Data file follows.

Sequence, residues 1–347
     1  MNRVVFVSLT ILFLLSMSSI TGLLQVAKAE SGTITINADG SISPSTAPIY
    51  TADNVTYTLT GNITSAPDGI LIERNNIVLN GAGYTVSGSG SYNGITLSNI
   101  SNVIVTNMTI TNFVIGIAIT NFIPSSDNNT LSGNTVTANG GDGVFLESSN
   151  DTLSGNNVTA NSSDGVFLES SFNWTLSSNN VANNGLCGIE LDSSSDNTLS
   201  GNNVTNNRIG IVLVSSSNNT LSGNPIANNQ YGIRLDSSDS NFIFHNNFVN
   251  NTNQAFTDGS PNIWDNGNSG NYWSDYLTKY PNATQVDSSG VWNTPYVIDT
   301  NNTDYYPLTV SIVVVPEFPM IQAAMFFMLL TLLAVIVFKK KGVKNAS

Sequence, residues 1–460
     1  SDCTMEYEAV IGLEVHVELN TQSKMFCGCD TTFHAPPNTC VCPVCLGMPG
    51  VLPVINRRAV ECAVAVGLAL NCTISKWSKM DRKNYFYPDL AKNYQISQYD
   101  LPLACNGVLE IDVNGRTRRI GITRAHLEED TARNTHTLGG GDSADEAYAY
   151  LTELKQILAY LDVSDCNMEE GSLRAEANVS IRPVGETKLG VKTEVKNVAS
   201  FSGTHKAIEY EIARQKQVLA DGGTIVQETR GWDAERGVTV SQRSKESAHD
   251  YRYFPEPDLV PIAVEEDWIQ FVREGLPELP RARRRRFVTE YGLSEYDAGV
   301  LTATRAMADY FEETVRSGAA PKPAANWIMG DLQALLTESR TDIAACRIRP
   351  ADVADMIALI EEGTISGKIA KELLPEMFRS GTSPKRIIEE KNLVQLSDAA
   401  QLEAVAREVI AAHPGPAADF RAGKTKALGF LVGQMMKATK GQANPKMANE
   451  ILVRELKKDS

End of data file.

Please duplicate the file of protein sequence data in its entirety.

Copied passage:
Sequence, residues 1–347
     1  MNRVVFVSLT ILFLLSMSSI TGLLQVAKAE SGTITINADG SISPSTAPIY
    51  TADNVTYTLT GNITSAPDGI LIERNNIVLN GAGYTVSGSG SYNGITLSNI
   101  SNVIVTNMTI TNFVIGIAIT NFIPSSDNNT LSGNTVTANG GDGVFLESSN
   151  DTLSGNNVTA NSSDGVFLES SFNWTLSSNN VANNGLCGIE LDSSSDNTLS
   201  GNNVTNNRIG IVLVSSSNNT LSGNPIANNQ YGIRLDSSDS NFIFHNNFVN
   251  NTNQAFTDGS PNIWDNGNSG NYWSDYLTKY PNATQVDSSG VWNTPYVIDT
   301  NNTDYYPLTV SIVVVPEFPM IQAAMFFMLL TLLAVIVFKK KGVKNAS

Sequence, residues 1–460
     1  SDCTMEYEAV IGLEVHVELN TQSKMFCGCD TTFHAPPNTC VCPVCLGMPG
    51  VLPVINRRAV ECAVAVGLAL NCTISKWSKM DRKNYFYPDL AKNYQISQYD
   101  LPLACNGVLE IDVNGRTRRI GITRAHLEED TARNTHTLGG GDSADEAYAY
   151  LTELKQILAY LDVSDCNMEE GSLRAEANVS IRPVGETKLG VKTEVKNVAS
   201  FSGTHKAIEY EIARQKQVLA DGGTIVQETR GWDAERGVTV SQRSKESAHD
   251  YRYFPEPDLV PIAVEEDWIQ FVREGLPELP RARRRRFVTE YGLSEYDAGV
   301  LTATRAMADY FEETVRSGAA PKPAANWIMG DLQALLTESR TDIAACRIRP
   351  ADVADMIALI EEGTISGKIA KELLPEMFRS GTSPKRIIEE KNLVQLSDAA
   401  QLEAVAREVI AAHPGPAADF RAGKTKALGF LVGQMMKATK GQANPKMANE
   451  ILVRELKKDS